I've suggested (& published in 21 journal papers) a new theory called quantised inertia (or MiHsC) that assumes that inertia is caused by horizons damping quantum fields. It predicts galaxy rotation & lab thrusts without any dark stuff or adjustment. My University webpage is here, I've written a book called Physics from the Edge and I'm on twitter as @memcculloch. Most of my content is at patreon now: here

Saturday 9 February 2019

Wide Binaries 3.0

The best way to do incisive science is to find an empirical case that can discriminate between hypotheses, in this case dark matter, MoND and QI.

Galaxy rotation is not ideal in that respect. To recap: galaxies spin far too fast at their edges to be stable. They should fly apart, but they appear to be gravitationally bound. So astro-physicists have proposed that there is invisible dark matter in them to hold them together. One of the properties of this dark matter has to be that it stays spread out, otherwise it would collapse to the centre of the galaxy and not predict the rotation correctly. The problem is that although QI can predict galaxy rotation, dark matter can be 'fudged' to predict it too, and even MoND is tweakable (a0).

Something un-fudge-able is needed and wide binaries are brilliant examples of unfudgeability. I have discussed them before. They are binary stars so far apart that their accelerations are as low as they are at the edges of galaxies. Hernandez et al. (2018) have shown in some brilliant papers, that wide binaries orbit each other far too fast, just as galaxies do. The data I have used here is from his latest paper which uses brand-new GAIA data. The data is shown by the crosses in the Figure below (prepared by my new post-doc Jesus Lucio). The x axis shows the separation of the stars in parsecs and the y axis shows their mutual speed in km/s. The grey area shows the uncertainty in the data, so it means that the orbital speed at each separation is somewhere in the grey area.
The dotted line shows the prediction of Newton or of general relativity (the same in this case). Just as in galaxies, although Newton/GR says the orbital speed should decrease with radius/separation (dotted line), the observed speeds stay much higher. Beyond a distance of 0.2 parsecs both Newton and general relativity are falsified. These theories disagree with the data and dark matter cannot be added to these wide binaries to save them, because to fit the larger galaxy it must stay diffuse. Unless they now come up with quantum dark matter that can be simultaneously spread out and clumpy!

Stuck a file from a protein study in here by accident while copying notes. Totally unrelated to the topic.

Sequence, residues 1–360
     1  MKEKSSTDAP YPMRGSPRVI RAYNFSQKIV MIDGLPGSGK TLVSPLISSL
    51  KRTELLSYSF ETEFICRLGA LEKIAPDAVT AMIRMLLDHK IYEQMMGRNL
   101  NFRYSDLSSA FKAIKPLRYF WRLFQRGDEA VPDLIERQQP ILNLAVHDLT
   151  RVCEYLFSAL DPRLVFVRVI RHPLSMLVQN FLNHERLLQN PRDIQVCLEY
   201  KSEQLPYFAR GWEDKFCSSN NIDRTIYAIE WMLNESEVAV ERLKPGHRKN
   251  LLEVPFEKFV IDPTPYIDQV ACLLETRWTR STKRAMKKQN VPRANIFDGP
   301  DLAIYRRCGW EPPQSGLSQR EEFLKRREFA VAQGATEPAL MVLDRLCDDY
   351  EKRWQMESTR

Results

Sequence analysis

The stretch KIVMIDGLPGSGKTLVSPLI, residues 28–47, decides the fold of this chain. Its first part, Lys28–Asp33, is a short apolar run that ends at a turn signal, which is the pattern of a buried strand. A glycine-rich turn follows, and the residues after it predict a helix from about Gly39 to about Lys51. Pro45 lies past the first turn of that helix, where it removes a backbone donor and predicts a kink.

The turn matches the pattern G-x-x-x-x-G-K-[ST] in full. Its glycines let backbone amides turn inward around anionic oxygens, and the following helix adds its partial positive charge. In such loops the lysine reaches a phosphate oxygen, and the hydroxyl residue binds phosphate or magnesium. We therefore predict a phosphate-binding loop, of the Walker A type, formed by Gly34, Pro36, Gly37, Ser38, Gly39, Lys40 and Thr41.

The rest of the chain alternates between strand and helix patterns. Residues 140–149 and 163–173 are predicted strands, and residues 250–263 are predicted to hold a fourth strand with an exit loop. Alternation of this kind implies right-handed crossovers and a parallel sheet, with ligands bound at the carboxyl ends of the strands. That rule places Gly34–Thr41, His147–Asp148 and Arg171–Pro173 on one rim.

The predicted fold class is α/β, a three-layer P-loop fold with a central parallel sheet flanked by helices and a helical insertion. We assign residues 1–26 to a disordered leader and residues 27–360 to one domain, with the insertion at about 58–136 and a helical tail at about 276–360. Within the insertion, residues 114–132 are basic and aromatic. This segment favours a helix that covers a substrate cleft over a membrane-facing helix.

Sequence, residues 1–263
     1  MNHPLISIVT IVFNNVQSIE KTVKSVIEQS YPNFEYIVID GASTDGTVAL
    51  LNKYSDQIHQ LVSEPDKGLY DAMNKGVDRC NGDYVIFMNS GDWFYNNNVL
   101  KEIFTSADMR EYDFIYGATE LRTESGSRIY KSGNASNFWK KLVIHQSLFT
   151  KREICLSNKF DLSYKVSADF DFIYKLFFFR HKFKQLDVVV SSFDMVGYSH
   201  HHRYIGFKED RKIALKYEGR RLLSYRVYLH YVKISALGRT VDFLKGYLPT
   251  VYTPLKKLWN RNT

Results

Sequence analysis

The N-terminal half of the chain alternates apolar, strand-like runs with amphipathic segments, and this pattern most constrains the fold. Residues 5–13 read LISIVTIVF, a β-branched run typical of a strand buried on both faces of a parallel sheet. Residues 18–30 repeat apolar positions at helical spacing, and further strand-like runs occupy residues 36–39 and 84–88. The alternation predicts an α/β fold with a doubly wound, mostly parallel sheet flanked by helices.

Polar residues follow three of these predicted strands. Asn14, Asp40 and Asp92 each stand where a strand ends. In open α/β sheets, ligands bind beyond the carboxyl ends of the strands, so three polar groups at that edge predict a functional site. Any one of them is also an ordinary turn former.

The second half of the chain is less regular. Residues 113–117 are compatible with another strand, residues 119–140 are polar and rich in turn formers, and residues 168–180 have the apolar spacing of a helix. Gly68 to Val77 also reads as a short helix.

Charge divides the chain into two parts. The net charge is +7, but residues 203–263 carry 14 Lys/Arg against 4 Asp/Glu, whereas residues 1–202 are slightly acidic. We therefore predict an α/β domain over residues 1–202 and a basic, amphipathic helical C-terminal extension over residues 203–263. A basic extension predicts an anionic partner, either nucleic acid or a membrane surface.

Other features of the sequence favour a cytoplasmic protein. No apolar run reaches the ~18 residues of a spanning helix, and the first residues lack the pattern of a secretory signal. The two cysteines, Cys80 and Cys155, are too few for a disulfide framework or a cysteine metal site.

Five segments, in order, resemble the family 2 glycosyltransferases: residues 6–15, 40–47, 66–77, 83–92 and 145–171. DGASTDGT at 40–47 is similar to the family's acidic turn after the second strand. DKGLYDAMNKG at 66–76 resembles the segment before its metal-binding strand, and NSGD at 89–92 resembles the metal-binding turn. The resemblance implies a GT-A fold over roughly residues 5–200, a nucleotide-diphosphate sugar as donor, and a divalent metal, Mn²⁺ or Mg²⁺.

The prediction of MoND is shown by the dashed line here with its fitting parameter set to a0 = 1.3x10^-10 m/s^2. It under-predicts the data at 1 parsec but if we set a0 = 2x10^-10 m/s^2 then it just about fits. However, the MoND prediction should probably be closer to the Newtonian/GR curve because it is subject to the External Field Effect (still under debate) which means that external accelerations bring it back towards Newtonian behaviour. These wide binaries are close to the Sun, and so accelerations due to the galaxy are still on the order of 8x10^-10 m/s^2. So, MoND is possibly also falsified by this data.

The prediction of quantised inertia is shown by the solid line, with the error shown by the two lighter solid lines above and below it. QI agrees with all the data (just). I submitted a paper on this to MNRAS a few weeks ago including a plot similar to this one, but in which QI did not quite agree. Well, a sincere thanks to my post-doc who recently spotted a factor of two error in my calculations which was making QI seem worse than it is, and he corrected it. So we will now resubmit with the new result.

In summary, QI predicts the orbits of these 83 pairs of wide binary stars better than other theories. Furthermore, QI does it without the need for any arbitrary fitting parameters (MoND needs one). QI needs just the observed mass, the observed speed of light and the observed cosmic scale. QI can only predict one outcome, and that turns out to agree with the data.


Hernandez, X., R.A.M. Cortes, C. Allen and R. Scarpa, 2018. Challenging a Newtonian prediction through Gaia wide binaries. https://arxiv.org/abs/1810.08696

McCulloch, M.E. and J.H. Lucio, 2019. Testing quantised inertia on wide binaries. Submitted to MNRAS.